By Drew Crist, Kepner-Tregoe

Much has been written and published about Industry 4.0 – the fourth industrial revolution, which is focused on new technologies, such as drones, autonomous vehicles and robotic capabilities in today’s smart factories. What are the effects of these new technologies on today’s operations?

Smart factories utilize robots to perform tasks with little or no human interaction. They can vary significantly in functionality, mobility, dexterity, intelligence and cost. They may automate simple, repetitive tasks, or take the form of flying vehicles (drones) capable of recognizing. learning and making decisions independently, based on the information presented to them.

Utilizing robots in your operations can provide a number of benefits:

  • Reductions in errors
  • Improved safety
  • Efficiency improvements
  • Increased speed of production
  • Capability to operate in dangerous environments

Until recently, robots were limited to replacing those tedious, repetitive tasks people did not want to do. Now, technology has advanced to a stage, however, where robots are capable to perform much more complex tasks and many work alongside their human counterparts.

The benefits of utilizing robots in your operations are rapidly increasing. Robots are becoming more flexible, they require less time and technical expertise to install and the cost of deploying them is decreasing. On the factory floor, the benefits are immediately obvious: a robot does not require breaks and can work around the clock without stopping. For companies in a state of expansion, robots can provide a very good option to increase capacity and cope with extraordinary seasonal demands. The wisdom and value of utilizing them in your operations will only improve with time.

Drones are another technology that many businesses are rapidly favoring. The use cases for drones have increased recently, with many new applications being developed. The drone industry is expected to be worth $10 billion by 2021, moving from its predominantly military usage to much wider applications.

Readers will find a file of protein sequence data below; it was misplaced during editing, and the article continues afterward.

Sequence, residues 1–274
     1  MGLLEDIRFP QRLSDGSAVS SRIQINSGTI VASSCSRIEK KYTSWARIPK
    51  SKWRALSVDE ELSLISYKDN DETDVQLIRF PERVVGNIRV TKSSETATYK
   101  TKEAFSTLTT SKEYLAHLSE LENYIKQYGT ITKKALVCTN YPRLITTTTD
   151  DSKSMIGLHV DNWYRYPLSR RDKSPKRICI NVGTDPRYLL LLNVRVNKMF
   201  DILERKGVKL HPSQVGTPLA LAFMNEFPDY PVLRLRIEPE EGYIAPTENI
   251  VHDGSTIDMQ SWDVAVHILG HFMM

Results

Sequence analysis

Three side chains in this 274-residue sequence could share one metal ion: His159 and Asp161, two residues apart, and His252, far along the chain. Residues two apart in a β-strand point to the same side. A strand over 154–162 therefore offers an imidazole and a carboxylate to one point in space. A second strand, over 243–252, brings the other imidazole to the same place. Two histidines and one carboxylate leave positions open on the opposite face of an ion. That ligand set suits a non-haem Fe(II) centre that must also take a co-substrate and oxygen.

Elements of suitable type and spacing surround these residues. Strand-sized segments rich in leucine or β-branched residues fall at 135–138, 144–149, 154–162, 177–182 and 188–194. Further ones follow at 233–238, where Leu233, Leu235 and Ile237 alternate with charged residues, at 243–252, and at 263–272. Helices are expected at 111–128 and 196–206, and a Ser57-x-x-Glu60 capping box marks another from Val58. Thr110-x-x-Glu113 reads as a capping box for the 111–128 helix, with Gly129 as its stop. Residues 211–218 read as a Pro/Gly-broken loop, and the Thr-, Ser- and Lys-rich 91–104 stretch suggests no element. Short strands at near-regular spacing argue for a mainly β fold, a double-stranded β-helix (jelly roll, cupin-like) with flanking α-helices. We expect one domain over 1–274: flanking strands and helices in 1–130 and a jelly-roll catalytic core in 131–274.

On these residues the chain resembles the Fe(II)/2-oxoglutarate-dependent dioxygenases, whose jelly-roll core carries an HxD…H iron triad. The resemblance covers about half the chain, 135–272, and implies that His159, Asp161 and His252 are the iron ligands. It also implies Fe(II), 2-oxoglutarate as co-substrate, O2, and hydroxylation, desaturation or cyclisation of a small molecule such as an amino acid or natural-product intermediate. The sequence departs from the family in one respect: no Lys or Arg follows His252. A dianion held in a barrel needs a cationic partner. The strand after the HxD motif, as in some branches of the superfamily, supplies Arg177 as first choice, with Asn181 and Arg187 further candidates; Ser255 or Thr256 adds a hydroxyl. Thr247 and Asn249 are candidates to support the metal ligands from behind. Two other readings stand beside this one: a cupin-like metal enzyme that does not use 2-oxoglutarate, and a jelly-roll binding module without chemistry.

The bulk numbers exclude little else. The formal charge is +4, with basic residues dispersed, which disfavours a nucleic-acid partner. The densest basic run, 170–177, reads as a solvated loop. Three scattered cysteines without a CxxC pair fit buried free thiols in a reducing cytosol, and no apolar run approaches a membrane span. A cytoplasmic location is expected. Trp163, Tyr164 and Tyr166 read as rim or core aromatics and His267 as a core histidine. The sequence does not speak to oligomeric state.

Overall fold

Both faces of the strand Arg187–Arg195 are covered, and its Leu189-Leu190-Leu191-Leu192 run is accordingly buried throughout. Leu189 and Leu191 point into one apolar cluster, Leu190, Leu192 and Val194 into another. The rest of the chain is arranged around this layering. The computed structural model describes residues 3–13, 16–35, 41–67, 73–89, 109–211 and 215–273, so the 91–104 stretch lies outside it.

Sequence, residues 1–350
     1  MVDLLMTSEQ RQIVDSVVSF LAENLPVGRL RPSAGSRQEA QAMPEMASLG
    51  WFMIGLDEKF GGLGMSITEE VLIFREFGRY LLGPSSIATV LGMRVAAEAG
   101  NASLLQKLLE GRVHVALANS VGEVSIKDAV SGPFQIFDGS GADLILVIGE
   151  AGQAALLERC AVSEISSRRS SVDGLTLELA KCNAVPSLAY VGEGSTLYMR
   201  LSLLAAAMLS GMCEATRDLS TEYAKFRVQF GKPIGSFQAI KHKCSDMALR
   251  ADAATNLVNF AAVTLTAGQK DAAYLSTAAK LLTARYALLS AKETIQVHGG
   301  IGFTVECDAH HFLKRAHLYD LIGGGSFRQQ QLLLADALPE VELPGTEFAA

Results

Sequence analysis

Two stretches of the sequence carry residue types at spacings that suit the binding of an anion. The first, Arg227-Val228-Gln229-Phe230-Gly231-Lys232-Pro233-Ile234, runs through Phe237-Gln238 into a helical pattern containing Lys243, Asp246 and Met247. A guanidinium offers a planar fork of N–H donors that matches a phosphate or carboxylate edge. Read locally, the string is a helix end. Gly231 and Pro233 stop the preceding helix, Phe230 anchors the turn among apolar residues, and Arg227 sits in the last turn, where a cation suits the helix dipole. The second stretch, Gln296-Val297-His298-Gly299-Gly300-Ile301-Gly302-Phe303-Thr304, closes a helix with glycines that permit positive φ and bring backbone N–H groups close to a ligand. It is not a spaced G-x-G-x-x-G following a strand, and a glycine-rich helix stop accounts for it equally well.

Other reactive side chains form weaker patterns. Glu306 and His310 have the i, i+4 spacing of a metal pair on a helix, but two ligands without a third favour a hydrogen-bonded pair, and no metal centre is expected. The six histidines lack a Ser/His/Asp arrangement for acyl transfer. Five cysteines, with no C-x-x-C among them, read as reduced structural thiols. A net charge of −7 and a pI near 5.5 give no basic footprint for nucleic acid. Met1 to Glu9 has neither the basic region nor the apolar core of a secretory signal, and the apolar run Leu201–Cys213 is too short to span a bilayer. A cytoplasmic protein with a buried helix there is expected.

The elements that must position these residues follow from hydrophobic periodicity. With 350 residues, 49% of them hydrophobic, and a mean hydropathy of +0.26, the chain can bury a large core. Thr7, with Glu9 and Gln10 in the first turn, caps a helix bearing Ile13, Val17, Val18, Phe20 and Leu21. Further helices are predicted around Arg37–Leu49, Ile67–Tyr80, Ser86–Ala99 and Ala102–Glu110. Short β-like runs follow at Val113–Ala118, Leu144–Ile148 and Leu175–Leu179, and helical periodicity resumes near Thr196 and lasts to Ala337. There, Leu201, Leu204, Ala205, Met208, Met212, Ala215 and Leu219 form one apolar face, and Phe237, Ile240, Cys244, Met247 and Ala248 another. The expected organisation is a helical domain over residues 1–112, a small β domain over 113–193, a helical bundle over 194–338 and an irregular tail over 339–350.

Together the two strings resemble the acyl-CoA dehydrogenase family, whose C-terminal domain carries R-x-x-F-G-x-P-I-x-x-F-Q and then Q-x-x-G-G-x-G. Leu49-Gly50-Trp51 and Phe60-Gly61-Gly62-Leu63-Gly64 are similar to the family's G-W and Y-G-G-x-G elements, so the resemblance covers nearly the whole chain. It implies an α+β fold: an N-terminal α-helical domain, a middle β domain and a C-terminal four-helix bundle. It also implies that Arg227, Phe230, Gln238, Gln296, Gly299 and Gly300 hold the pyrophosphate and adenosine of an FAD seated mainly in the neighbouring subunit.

The applications for drones in your operations are many and varied.

  • Warehouse operations, transporting materials from storage to the factory floor and moving finished products from production to shipping. These will significantly reduce labor costs.
  • Drones are frequently used in the telecom industry where they can conduct site audits quickly and efficiently, providing top-down views and line-of-sight inspections.
  • Drones are in wide use in the real estate industry where they can provide high-quality imagery of properties for marketing purposes.
  • During emergency situations, drones are capable of delivering critical supplies when traditional transport options are unavailable.
  • Drones are used in agricultural industries, monitoring stock and crop conditions.
  • Consumer delivery services is a prospective use for drones and actively being developed.

The quality of drones and the technology that drives them is increasing rapidly and we can expect them to assume a larger role in industry during the coming years.

Another technology that is receiving considerable media attention is autonomous, or self-driving, vehicles. There are approximately 16 billion tons of good shipped across the US every year by truck. Much effort is occurring to develop technology that will allow autonomous vehicles to be a part of this delivery chain.

Many large industries and municipal governments are driving research and development into autonomous-vehicle research because they want to benefit from the new options the technology can provide. In addition, many start-ups want to be first to market those options. All are looking to develop automated transportation of raw materials, components and finished products via the country’s network of roads.

It seems unlikely fully automated 18 wheelers in large numbers will appear on our roads during the immediate future for a number of reasons. The technology is not fully developed yet, the transportation infrastructure is not ready, the public has major concerns about the safety of autonomous vehicles and, probably most significantly, the transport industry is a major employer, so the displacement of drivers and other workers is a major consideration.

Regardless of these concerns, however, the technology is actively being developed and it is expected autonomous, long-haul trucking could save manufacturers approximately 30 percent of their transport costs by 2040.

The fourth industrial revolution has already started and will provide major improvements to the profitability of manufacturing operations. Exercising caution is required when adopting these exciting new technologies, however. There is a significant human cost involved and we must be mindful of that cost.

Kepner-Tregoe has been the industry leader in problem solving consulting and training for over 60 years, working with companies around the globe and across industries to solve some exciting (sometimes scary) problems and provide employees with the skills they need to confidently deliver results.  KT’s experience-based learning methods integrating tools such as simulations and mentoring of in-tact teams have led to countless success stories for companies just like yours.  To learn more, visit www.kepner-tregoe.com